"Why, sometimes I've believed as many as six impossible things before breakfast.”
- Lewis Carroll, Alice’s Adventures in Wonderland
Alice’s Adventures in Wonderland begins when young Alice falls asleep in a meadow and dreams she follows the White Rabbit down a rabbit hole. She finds herself in Wonderland, where she has bizarre adventures among strange creatures who live under circumstances that constantly shift and defy logic. In this nonsense realm, she struggles to understand what’s going on.
Looking back over 2021, we might be forgiven for feeling like Alice. As the Red Queen said, “It takes all the running you can do, to keep in the same place. If you want to get somewhere else, you must run at least twice as fast as that.”
Here are a few examples.
There was a snap federal election in Canada. When Parliament resumes, the new government will look very much like the old government.
Beijing said the two Michaels – Canadians Michael Spavor and Michael Kovrig – were not detained in retaliation for the arrest of Huawei CFO Meng Wanzhou in Vancouver. Their release just happened to coincide almost to the minute with her release.
Afghanistan is back under Taliban rule, where it was 20 years ago before the U.S. invaded.
A continuous stream of misinformation about COVID-19, masks and vaccines has led to alternate left and right realities. Canadian healthcare workers, who were heroes in 2020, are now under attack from anti-vax protesters blocking access to hospitals.
After almost a year, conspiracy theorists are still contesting U.S. presidential election results. Looking into baseless claims of massive voter fraud, a company called Cyber Ninjas concluded what they called a full forensic audit that confirmed Arizona’s Maricopa county had indeed elected Joe Biden. Other states have indicated they will also conduct audits despite having already certified their election results.
Ten months into 2021, we still don’t know if we are in a temporary or more entrenched period of inflation. Shifting their positions, central banks now seem to be thinking they will need rate hikes to tamp it down.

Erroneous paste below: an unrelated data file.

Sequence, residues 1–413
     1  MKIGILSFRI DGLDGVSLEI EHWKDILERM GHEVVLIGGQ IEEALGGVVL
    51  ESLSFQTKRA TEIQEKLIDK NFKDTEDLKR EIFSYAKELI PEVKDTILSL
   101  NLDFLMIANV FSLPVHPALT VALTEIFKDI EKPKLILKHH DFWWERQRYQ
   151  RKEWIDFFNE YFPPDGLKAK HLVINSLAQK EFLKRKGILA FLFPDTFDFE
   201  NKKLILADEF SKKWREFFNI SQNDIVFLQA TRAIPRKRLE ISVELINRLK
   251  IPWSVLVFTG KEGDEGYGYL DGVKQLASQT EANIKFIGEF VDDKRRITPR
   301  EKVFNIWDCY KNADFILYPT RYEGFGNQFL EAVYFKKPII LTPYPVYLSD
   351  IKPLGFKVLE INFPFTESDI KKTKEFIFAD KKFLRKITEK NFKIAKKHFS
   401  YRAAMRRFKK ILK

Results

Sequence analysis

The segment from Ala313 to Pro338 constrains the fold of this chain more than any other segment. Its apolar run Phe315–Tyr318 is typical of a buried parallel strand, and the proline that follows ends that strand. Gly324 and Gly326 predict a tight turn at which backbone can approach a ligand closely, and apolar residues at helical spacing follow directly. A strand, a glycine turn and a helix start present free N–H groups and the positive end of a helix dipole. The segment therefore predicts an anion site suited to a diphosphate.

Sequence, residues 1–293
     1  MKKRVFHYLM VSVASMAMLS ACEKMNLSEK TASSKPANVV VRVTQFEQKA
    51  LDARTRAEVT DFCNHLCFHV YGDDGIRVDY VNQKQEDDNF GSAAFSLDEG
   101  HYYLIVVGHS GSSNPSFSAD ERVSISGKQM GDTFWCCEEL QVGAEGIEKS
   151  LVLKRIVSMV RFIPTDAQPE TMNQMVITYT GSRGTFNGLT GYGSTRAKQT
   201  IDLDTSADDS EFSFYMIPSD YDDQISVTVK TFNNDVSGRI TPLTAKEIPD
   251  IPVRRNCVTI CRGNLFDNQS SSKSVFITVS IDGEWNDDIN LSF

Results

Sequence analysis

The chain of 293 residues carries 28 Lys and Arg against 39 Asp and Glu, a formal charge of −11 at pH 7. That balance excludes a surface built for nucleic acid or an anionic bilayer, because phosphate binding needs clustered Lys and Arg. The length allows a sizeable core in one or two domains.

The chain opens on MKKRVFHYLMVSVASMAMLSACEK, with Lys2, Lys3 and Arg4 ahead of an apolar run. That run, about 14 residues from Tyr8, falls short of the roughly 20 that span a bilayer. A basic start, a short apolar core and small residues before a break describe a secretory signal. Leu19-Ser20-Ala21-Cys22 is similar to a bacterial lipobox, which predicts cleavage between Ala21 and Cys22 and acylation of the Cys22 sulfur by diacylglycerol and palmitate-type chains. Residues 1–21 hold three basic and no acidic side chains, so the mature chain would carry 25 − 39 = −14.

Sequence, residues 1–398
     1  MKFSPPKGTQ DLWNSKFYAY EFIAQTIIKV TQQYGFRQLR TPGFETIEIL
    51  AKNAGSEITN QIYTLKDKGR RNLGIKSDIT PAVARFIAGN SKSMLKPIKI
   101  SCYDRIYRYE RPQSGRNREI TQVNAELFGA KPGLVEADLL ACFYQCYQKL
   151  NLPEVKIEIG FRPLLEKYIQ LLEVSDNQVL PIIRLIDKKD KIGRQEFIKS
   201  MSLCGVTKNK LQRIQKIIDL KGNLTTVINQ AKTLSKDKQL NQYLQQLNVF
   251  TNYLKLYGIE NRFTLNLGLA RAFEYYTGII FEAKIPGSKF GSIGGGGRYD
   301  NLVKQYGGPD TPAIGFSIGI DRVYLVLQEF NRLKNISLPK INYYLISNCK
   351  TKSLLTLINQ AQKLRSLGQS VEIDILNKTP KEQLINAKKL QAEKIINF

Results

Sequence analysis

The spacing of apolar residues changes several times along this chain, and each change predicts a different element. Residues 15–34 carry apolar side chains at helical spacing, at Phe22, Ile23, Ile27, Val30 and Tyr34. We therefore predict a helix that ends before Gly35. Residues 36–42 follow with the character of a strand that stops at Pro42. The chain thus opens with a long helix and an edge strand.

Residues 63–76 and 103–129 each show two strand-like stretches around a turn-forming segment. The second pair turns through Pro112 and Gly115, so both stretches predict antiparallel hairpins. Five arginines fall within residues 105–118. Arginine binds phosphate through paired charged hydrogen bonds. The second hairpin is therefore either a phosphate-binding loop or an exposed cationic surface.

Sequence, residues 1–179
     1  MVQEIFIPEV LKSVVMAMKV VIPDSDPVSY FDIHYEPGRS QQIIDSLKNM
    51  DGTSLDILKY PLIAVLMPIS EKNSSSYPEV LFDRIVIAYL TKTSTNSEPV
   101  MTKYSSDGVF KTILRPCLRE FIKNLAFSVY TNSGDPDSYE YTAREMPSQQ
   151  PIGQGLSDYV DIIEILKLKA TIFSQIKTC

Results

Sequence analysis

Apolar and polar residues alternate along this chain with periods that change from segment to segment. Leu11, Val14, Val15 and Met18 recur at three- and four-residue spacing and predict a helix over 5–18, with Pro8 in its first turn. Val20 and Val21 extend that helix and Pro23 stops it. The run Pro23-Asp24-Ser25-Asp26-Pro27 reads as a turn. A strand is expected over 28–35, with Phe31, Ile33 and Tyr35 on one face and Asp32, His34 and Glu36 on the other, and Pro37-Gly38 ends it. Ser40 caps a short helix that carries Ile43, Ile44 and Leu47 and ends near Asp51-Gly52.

Equity markets finally stumbled in September (historically the year’s weakest month). Contrast that to the first eight months of 2021, when they put on blinders and sailed forward.
Although they have been growing and shrinking less dramatically than Alice, bond yields and prices have been seesawing up and down. After a startling decline in Q1, bond prices spent most of Q2 and Q3 recovering. That pushed yields down (prices and yields move in opposite directions). This trend reversed again at the end of September, when yields rose after the U.S. Federal Reserve said it could begin tapering its bond purchases sooner than expected.
Canada – Highs and lows
At the start of September, the Bank of Canada (BoC) held its policy interest rate steady at 0.25%. It will continue to purchase bonds, but at a reduced rate while the economy recovers. BoC Governor Tiff Macklem said that our central bank would raise interest rates before fully ending its bond-purchasing program.
Canadians are now sitting on excess savings of more than 10% of current GDP. Spending should rebound when pandemic restrictions ease. Natural gas prices are at seven-year highs thanks to increased demand and reduced international production. Consumers are already reeling from surging gasoline, food and housing costs. While home sales have fallen from their 2021 highs, they are still up about 20% from 2019. Prices continue to climb, fuelled by elevated demand and fewer new listings.
The BoC believes headline inflation will remain above its ideal range of 1% to 3% before it drops back to 2% in 2022. Increasing prices have driven nominal GDP (which does not adjust for inflation) back to its pre-pandemic upward trend. Real growth (which does adjust for inflation) has been muted, so real GDP remains around 2% below pre-pandemic levels.